“This show is not some sort of grand treatise on religion, it is about family and connection,” says The Leftovers co-creator Damon Lindelof, looking back over the HBO drama whose series finale aired tonight,
It’s in the final words of The Leftovers, at the end of tonight’s episode, of “I’m here,” from Carrie Coon’s aged-and-off-the-grid Nora Durst to Justin Theroux’s Kevin Garvey, Jr. in rural Australia. In a sense, with Nora’s birds returning to her house, that moment between these two characters, whose often spiraling orbits propelled the series, seems so obviously the only way the show from Lindelof and Tom Perrotta could have ended – regardless of if Nora’s story of traveling to another dimension where all the Departed remained was true or not. In adapting and moving beyond Perrotta’s 2011 novel of the same name, whose premise is the sudden disappearance of about 2% of the world’s population, The Leftovers pursued the depths of loss, love, faith, doubt, escape forgiveness and what’s truly at the end of the world.
'The Leftovers' Final Season Review: HBO Drama Departs With Greatness
Coming off the hybrid thermonuclear thriller/comedy of last week’s “The Most Powerful Man In The World (and His Identical Twin Brother)” episode, tonight’s Mimi Leder-directed “The Book Of Nora” sought to tie together many of the series’ themes, Lindelof and Theroux told me. With that journey to what was lost, no pun intended, and the long, long road back, it was a decision that in many ways ran counter to the often-debated end of Lost, the ABC series Lindelof created with J.J. Abrams and Jeffrey Lieberthat that aired from 2004 to 2010.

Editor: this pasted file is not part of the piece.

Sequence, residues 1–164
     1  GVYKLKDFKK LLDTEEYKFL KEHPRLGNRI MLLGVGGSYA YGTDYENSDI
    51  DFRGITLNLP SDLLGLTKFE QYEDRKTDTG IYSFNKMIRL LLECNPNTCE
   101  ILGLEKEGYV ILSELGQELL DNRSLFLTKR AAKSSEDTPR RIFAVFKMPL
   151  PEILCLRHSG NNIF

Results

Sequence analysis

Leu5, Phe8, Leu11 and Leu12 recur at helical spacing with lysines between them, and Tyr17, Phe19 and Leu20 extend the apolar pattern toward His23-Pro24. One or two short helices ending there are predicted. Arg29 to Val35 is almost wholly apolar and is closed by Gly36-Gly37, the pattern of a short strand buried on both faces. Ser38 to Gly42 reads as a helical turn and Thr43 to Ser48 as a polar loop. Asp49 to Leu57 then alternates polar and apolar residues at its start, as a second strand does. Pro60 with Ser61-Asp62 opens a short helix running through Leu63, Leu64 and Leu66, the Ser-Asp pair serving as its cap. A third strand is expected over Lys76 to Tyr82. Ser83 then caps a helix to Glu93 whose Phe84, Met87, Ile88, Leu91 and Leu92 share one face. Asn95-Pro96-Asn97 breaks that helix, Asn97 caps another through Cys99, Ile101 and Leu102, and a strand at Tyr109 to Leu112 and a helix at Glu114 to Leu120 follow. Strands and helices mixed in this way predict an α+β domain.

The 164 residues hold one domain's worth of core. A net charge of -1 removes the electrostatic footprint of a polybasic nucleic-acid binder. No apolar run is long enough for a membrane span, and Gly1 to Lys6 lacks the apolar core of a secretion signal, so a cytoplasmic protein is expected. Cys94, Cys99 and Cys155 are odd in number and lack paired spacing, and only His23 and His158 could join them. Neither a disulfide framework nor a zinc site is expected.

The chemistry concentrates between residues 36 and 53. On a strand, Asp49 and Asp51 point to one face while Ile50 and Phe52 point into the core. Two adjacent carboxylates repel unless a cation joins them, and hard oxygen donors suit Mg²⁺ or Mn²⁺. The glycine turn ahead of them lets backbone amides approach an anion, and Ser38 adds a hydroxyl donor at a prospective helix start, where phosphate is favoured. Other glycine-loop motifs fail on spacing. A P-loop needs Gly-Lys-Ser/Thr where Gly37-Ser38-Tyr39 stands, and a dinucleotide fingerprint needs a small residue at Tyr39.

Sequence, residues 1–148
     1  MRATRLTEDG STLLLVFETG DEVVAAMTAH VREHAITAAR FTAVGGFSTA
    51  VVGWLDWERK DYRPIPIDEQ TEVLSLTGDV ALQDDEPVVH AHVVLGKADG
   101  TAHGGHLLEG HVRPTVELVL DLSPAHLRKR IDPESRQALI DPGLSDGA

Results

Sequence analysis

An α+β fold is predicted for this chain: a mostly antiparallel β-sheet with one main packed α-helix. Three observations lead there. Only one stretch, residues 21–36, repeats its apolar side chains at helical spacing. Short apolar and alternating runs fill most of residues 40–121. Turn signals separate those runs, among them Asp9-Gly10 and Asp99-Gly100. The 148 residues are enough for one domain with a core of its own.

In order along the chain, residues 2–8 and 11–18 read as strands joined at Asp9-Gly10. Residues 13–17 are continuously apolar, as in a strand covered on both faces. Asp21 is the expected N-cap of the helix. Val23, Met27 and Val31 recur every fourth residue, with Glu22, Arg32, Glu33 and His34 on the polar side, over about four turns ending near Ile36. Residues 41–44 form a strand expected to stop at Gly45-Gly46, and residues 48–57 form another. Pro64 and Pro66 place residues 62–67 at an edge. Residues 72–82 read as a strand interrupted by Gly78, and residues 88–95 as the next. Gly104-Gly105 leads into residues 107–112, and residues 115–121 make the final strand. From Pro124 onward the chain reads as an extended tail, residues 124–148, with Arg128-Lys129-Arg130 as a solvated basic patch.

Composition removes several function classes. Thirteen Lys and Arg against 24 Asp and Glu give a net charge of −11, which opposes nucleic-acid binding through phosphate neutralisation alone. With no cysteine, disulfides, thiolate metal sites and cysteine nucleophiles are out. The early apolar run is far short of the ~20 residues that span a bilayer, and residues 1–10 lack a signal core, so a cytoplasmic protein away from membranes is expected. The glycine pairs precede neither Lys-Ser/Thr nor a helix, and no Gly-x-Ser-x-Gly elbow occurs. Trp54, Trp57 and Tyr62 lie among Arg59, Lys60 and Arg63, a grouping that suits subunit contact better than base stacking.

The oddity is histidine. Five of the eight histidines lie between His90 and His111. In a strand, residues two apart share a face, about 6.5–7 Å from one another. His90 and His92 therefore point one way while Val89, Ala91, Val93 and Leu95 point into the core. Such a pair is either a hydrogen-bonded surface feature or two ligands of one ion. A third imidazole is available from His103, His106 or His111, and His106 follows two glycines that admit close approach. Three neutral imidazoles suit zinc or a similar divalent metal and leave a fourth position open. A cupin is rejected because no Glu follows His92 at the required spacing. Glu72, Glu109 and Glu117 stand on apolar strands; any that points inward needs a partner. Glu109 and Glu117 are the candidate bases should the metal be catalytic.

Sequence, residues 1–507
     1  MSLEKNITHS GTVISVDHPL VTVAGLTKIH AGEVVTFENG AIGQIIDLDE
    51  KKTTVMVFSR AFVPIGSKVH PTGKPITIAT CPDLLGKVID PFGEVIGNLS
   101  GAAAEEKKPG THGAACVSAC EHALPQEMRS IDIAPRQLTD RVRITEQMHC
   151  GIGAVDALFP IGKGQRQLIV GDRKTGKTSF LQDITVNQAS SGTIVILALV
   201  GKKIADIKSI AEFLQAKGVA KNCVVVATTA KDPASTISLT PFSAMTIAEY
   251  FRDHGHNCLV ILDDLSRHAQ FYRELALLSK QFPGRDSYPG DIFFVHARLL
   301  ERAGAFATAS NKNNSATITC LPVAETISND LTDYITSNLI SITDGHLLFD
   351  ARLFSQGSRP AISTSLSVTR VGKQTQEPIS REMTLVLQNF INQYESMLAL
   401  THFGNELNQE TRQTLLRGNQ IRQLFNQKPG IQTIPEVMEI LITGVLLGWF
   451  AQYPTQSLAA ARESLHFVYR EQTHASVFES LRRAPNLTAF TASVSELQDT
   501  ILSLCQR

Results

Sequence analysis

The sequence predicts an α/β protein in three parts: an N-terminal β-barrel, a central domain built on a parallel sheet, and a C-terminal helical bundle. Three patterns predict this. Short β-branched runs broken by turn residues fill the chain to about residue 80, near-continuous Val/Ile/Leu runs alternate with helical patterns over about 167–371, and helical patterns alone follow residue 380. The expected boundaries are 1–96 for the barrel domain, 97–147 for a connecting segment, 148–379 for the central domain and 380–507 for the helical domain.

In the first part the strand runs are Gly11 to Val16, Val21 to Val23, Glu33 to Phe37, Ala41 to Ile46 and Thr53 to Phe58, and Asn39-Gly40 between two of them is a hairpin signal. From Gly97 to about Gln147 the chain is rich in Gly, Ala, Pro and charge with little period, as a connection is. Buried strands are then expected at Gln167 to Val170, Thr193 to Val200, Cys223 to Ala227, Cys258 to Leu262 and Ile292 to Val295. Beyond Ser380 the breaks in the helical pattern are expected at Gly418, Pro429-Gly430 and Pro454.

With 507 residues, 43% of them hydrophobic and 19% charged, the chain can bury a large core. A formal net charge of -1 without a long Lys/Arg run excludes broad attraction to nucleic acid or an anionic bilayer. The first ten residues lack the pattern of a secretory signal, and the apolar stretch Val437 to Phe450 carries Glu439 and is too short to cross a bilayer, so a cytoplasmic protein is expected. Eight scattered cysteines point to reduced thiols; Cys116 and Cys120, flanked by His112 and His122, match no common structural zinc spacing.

Looking back over the series, whose cast included Christopher Eccleston, Jovan Adepo, Amy Brenneman, Ann Dowd, Jasmin Savoy Brown, Liv Tyler, Regina King and Scott Glenn, Lindelof and Theroux also revealed the evolution of their own relationship and the role it played in The Leftovers‘ lifespan. The duo also discuss the mysteries inside the show and the evergreen nature that was always embedded at the core of The Leftovers from its debut on June 29, 2014.
DEADLINE: Justin, what do you think people will take away from the finale of The Leftovers?
THEROUX: There’ll probably be a smattering of a lot of opinions, but, as Damon has said before, if everyone’s feeling the same thing maybe we all haven’t done our job. So I hope that they’ve enjoyed sort of the arc of the overall series, but I’m sure people have questions, but that’s the kind of healthy lobby talk that I would hope would happen after a season finale–especially for The Leftovers.
DEADLINE: In the end, it all ended rather powerfully but quietly, with just Kevin and Nora finding what had departed them in this world…